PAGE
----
Aircraft: Cessna 310. Injuries: 2 Fatal. Location: Stotts City, Mo. Aircraft damage: Destroyed.
What reportedly happened: The right engine of the twin Cessna had recently undergone extensive maintenance. The pilot and the pilot-rated passenger originally planned to make several circuits in the traffic pattern to test the right engine, then fly the airplane to a nearby airport. However, the test flight was delayed to make an adjustment to the propeller lever friction lock. Because of the delay, the test flight did not happen until after sunset.
According to witnesses, the airplane’s nose gear landing strut was flat before departure and the pilots agreed they would leave the landing gear extended for the flight.
Instead of doing circuits in the pattern, the pilots decided to fly directly to the other airport. While en route, the right engine lost oil pressure, then lost power.
The pilot flying shut down the right engine, feathered the propeller and attempted to return to the departure airport. The Cessna 310 was not able to maintain altitude. The airplane crashed into trees and caught fire.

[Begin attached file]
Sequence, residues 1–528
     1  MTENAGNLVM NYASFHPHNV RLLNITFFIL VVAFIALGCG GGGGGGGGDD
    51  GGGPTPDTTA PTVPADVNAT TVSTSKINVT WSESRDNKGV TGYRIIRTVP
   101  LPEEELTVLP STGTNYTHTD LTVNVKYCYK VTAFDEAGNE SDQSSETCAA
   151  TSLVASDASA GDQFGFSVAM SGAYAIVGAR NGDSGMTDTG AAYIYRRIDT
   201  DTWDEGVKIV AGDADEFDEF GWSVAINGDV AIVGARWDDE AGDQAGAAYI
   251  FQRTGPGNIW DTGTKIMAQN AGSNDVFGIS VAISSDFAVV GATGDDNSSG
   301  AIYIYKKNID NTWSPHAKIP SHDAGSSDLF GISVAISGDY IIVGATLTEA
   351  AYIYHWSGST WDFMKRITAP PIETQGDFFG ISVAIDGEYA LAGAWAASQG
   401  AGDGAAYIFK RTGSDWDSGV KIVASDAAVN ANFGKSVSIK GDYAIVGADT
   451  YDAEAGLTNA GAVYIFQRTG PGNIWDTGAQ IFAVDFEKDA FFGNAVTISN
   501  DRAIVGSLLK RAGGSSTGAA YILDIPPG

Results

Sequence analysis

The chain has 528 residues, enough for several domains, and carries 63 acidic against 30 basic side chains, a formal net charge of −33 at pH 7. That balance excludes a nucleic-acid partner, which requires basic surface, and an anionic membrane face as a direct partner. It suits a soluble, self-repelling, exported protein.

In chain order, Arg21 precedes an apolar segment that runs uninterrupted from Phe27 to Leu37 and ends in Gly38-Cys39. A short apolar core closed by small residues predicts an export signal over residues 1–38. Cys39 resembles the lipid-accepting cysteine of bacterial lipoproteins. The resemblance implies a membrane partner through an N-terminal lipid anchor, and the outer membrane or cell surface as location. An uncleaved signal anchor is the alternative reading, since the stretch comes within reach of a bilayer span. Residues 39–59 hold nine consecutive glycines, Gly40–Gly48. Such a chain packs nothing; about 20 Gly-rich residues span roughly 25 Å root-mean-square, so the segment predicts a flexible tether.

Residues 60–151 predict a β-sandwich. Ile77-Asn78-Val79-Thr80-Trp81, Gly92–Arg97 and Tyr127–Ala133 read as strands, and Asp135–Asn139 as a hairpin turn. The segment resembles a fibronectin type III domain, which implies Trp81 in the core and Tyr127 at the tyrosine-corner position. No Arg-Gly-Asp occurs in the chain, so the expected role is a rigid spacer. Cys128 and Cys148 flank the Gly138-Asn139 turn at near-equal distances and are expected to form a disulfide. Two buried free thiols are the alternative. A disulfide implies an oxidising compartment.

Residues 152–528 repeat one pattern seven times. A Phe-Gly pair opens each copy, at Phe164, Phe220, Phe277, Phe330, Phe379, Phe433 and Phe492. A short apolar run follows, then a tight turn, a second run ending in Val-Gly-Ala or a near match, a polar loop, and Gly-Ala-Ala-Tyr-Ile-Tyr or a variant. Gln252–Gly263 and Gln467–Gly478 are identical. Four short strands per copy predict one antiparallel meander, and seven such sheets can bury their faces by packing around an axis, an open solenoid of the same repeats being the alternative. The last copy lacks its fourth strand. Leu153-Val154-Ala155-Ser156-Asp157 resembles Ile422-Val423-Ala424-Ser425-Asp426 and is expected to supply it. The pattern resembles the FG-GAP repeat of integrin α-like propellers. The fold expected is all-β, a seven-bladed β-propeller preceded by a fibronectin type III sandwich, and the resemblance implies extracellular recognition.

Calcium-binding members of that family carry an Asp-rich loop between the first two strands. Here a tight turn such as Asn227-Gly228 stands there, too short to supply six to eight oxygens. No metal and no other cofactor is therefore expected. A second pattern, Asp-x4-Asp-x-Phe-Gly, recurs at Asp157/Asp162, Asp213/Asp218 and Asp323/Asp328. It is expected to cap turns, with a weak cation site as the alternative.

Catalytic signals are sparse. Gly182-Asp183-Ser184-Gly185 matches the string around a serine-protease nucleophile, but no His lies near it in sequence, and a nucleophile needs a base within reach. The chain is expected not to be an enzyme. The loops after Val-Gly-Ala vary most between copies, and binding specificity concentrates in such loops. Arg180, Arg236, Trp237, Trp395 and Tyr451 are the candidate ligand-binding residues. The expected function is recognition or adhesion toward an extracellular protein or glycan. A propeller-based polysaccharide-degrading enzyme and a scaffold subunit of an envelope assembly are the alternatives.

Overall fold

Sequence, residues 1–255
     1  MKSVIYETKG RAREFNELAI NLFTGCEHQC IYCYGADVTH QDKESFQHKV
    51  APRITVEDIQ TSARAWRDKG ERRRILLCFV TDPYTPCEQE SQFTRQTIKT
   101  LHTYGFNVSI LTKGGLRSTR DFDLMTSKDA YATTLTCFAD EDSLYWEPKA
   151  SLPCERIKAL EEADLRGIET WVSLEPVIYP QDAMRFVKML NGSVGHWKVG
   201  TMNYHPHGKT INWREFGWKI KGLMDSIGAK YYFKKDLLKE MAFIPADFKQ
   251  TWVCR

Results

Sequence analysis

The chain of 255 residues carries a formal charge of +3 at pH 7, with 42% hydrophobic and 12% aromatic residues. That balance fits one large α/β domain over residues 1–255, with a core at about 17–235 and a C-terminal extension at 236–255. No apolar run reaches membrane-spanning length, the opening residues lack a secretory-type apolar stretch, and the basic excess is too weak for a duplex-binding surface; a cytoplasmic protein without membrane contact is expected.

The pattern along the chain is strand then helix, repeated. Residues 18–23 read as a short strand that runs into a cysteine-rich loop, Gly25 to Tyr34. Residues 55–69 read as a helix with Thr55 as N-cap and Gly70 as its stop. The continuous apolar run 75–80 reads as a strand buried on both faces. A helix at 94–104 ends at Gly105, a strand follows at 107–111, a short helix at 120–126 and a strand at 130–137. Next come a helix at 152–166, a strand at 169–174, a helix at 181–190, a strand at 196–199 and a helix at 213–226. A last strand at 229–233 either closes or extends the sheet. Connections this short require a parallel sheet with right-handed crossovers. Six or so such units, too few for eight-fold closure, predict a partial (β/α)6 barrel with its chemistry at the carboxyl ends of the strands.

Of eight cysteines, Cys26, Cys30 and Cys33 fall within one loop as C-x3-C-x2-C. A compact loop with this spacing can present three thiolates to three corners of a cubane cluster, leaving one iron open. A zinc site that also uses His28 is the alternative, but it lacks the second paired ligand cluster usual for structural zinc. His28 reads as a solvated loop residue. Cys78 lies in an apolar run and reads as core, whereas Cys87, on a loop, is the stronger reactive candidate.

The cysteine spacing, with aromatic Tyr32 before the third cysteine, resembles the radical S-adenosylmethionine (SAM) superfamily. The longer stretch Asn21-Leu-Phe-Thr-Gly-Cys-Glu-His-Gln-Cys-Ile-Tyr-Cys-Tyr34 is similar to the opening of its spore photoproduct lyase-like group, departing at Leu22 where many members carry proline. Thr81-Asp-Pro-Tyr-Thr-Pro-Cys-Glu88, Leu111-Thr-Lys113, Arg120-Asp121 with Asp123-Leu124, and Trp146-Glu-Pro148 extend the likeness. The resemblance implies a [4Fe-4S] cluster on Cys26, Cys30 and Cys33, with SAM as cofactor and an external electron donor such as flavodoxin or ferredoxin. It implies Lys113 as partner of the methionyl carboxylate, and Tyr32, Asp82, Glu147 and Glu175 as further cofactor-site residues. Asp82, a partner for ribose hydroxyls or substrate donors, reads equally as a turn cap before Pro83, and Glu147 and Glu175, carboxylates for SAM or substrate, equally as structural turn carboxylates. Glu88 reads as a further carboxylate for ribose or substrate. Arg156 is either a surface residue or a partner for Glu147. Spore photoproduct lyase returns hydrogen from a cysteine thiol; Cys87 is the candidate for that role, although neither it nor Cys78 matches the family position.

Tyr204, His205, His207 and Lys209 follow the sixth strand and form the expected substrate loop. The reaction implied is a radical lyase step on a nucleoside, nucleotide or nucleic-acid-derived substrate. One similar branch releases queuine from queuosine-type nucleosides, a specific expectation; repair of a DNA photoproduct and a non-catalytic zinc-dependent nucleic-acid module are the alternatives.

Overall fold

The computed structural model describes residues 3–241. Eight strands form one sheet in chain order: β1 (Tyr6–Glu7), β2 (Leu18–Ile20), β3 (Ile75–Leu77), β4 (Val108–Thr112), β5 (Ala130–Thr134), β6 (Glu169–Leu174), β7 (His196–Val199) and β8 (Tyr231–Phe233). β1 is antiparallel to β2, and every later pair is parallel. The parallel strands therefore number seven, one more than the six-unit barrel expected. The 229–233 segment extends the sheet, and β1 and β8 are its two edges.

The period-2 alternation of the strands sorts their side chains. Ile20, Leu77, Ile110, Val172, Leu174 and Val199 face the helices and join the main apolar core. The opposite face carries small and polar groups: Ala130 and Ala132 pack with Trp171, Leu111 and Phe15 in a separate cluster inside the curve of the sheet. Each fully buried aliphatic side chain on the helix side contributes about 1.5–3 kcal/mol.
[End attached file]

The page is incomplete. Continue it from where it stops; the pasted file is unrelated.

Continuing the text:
The post-accident examination of the right engine revealed the oil filter adapter was not properly assembled or adequately secured to the engine. The mechanic who performed maintenance to the oil adapter admitted that he did not follow the manufacturer’s instructions when reassembling the adapter and when installing it on the engine. As a result, the adapter came loose during flight, resulting in a loss of oil.
Based on the single-engine performance data provided by the airplane manufacturer, the airplane should have had a single-engine climb rate of about 166 feet per minute with the landing gear extended, assuming the airplane was properly configured and the operating engine was producing full power.
Probable cause: The pilot’s failure to maintain control after he shut down the right engine in flight due a loss of oil pressure. Contributing to the accident was the pilot’s decision to reposition the unairworthy airplane during twilight after extensive maintenance had been done to the right engine along with a known mechanical deficiency with the landing gear and the mechanic’s improper assembly and installation of the right engine’s oil filter adapter, which resulted in a loss of oil to that engine.
NTSB Identification: CEN13FA044
This November 2012 accident report is provided by the National Transportation Safety Board. Published as an educational tool, it is intended to help pilots learn from the misfortunes of others.